Information from the crashed Tatastan Air Boeing 737-500′s flight data recorder released by Russian investigator MAK shows the crew initiated a go-around by reducing the flap from 30 to 15 and setting full power.
So far so good. But they then let the nose rise to 25deg above the horizon so the speed began to drop, and the crew subsequently lost control.
This is becoming a familiar scenario, although it has not always been fatal. Examples of fatal accidents of this type are as follows: China Air Lines Airbus A300-600 at Nagoya, Japan in 1994; Gulf Air A320 in Bahrain in 2000; Airmavia A320 at Sochi, Russia in 2006; Afriqiyah Airways A330 at Tripoli, Libya in 2010.
But there have also been non-fatal but near-disastrous go-around events involving a 737 at Bournemouth, England and an Airbus A310 at Paris Orly in which the problem was the strong pitch-up moment introduced at go-around by the high thrust from the underwing-mounted engines. In March this year I gathered some international expertise on the go-around risk in modern airliners and you can find it here.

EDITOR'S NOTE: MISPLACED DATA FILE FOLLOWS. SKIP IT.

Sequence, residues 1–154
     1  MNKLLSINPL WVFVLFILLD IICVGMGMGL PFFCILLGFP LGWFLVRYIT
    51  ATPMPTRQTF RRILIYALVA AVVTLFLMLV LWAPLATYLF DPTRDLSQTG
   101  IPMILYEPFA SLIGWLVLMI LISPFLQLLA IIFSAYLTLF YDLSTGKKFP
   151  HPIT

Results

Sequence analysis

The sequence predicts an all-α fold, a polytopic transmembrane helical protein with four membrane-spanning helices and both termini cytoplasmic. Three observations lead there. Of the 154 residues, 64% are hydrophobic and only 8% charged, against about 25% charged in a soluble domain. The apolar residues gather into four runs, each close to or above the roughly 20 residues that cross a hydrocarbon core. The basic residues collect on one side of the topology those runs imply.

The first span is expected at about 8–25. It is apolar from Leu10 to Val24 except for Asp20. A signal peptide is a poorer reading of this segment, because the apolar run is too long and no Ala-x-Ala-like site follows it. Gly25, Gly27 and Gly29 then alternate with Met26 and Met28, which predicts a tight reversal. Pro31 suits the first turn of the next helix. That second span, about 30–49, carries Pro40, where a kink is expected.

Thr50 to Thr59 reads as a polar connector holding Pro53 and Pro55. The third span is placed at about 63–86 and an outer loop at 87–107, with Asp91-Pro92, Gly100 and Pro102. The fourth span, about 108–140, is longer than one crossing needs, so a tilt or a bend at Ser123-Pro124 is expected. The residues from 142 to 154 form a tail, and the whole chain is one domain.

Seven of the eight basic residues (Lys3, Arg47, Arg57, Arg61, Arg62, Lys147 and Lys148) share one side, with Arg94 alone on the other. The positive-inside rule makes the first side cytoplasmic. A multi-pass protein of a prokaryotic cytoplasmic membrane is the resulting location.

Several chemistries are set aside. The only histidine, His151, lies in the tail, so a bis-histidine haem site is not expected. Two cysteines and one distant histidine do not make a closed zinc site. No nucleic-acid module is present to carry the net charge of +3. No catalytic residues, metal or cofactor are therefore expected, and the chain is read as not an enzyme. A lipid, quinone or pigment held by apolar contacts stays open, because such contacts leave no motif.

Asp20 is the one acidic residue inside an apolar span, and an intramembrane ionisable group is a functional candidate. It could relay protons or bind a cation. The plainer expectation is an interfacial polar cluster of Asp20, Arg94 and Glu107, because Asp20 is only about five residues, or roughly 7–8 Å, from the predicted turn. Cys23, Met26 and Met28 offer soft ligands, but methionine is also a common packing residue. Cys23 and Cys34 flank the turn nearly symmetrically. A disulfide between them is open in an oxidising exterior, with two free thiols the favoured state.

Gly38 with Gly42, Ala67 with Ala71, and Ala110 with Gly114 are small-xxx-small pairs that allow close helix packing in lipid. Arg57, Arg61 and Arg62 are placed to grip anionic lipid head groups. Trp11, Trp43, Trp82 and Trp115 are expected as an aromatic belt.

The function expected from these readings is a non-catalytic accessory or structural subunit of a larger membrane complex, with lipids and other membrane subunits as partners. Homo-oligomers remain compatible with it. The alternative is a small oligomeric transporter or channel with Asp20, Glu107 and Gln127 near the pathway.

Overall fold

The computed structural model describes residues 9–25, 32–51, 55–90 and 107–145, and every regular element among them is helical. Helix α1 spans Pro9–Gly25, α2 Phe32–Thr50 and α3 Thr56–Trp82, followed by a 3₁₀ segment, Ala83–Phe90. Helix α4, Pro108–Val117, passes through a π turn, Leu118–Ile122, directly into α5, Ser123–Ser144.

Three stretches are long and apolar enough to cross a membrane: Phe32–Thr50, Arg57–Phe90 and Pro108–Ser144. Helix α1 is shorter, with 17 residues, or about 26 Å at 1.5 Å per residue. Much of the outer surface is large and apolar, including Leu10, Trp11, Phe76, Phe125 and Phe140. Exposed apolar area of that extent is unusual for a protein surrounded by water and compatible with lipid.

My colleague David Kaminski-Morrow provides the full Kazan story according to the MAK’s just-released information.
The Kazan event is interesting in that the aircraft never did stall, according to the MAK, and it may have been recoverable had the crew not seemingly become disorientated by somatogravic illusion (which the DKM story explains). It was a dark night, and at the zenith of the go-around manoeuvre the aircraft would have been in cloud.